“I liked it,” he said. He moved in the next week. And, with that, he got a chance to avert dialysis—and its tens of thousands of dollars in annual costs—at least for a while.
Not everyone lets the team members into his or her life. One of their patients is a young woman of no fixed address, with asthma and a crack-cocaine habit. The crack causes severe asthma attacks and puts her in the hospital over and over again. The team members have managed occasionally to track her down in emergency rooms or recognize her on street corners. All they can do is give her their number, and offer their help if she ever wanted it. She hasn’t.
Work like this has proved all-consuming. In May, 2009, Brenner closed his regular medical practice to focus on the program full time. It remains unclear how the program will make ends meet. But he and his team appear to be having a major impact. The Camden Coalition has been able to measure its long-term effect on its first thirty-six super-utilizers. They averaged sixty-two hospital and E.R. visits per month before joining the program and thirty-seven visits after—a forty-per-cent reduction. Their hospital bills averaged $1.2 million per month before and just over half a million after—a fifty-six-per-cent reduction.
These results don’t take into account Brenner’s personnel costs, or the costs of the medications the patients are now taking as prescribed, or the fact that some of the patients might have improved on their own (or died, reducing their costs permanently). The net savings are undoubtedly lower, but they remain, almost certainly, revolutionary. Brenner and his team are out there on the boulevards of Camden demonstrating the possibilities of a strange new approach to health care: to look for the most expensive patients in the system and then direct resources and brainpower toward helping them.
Jeff Brenner has not been the only one to recognize the possibilities in focussing on the hot spots of medicine. One Friday afternoon, I drove to an industrial park on the outskirts of Boston, where a rapidly growing data-analysis company called Verisk Health occupies a floor of a nondescript office complex. It supplies “medical intelligence” to organizations that pay for health benefits—self-insured businesses, many public employers, even the government of Abu Dhabi.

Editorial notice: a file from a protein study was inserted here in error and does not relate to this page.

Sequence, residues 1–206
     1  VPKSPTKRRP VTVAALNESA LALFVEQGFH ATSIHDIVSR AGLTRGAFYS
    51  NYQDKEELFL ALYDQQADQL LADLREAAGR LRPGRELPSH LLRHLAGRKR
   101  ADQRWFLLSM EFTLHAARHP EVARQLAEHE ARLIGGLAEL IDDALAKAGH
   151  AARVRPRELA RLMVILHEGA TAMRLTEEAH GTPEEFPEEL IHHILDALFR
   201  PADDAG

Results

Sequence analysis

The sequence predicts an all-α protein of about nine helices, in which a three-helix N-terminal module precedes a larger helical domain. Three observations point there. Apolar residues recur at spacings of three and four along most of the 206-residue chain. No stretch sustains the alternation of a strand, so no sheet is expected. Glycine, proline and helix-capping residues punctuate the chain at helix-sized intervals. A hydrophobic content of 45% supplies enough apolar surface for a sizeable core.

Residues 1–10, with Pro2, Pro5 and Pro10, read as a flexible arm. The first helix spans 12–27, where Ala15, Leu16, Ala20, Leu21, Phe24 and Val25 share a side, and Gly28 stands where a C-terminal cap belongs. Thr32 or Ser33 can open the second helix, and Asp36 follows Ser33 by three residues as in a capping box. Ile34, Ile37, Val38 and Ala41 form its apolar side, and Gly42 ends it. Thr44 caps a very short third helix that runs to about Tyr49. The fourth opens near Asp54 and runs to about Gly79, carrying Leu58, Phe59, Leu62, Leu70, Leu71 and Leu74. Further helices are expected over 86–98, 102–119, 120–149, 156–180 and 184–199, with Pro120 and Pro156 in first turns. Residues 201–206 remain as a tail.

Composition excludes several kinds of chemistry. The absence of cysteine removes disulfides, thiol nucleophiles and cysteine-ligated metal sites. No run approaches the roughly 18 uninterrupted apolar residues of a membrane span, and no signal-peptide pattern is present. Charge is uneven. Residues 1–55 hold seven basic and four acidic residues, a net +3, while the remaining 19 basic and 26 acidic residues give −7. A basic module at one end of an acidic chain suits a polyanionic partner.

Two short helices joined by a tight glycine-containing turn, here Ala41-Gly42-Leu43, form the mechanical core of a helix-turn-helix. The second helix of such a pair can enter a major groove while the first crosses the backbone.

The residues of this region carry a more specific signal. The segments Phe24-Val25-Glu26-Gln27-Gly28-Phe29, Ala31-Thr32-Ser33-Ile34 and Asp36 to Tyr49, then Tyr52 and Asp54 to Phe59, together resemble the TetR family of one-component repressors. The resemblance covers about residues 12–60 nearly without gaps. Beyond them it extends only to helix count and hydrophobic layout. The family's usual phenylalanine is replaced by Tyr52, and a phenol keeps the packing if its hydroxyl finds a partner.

Privacy laws prevent U.S. employers from looking at the details of their employees’ medical spending. So they hand their health-care payment data over to companies that analyze the patterns and tell them how to reduce their health-insurance spending. Mostly, these companies give financial advice on changing benefits—telling them, say, to increase employee co-payments for brand-name drugs or emergency-room visits. But even employers who cut benefits find that their costs continue to outpace their earnings. Verisk, whose clients pay health-care bills for fifteen million patients, is among the data companies that are trying a more sophisticated approach.
Besides the usual statisticians and economists, Verisk recruited doctors to dive into the data. I met one of them, Nathan Gunn, who was thirty-six years old, had completed his medical training at the University of California, San Francisco, and was practicing as an internist part time. The rest of his time he worked as Verisk’s head of research. Mostly, he was in meetings or at his desk poring through “data runs” from clients. He insisted that it was every bit as absorbing as seeing sick patients—sometimes more so. Every data run tells a different human story, he said.
At his computer, he pulled up a data set for me, scrubbed of identifying information, from a client that manages health-care benefits for some two hundred and fifty employers—school districts, a large church association, a bus company, and the like. They had a hundred thousand “covered lives” in all. Payouts for those people rose eight per cent a year, at least three times as fast as the employers’ earnings. This wasn’t good, but the numbers seemed pretty dry and abstract so far. Then he narrowed the list to the top five per cent of spenders—just five thousand people accounted for almost sixty per cent of the spending—and he began parsing further.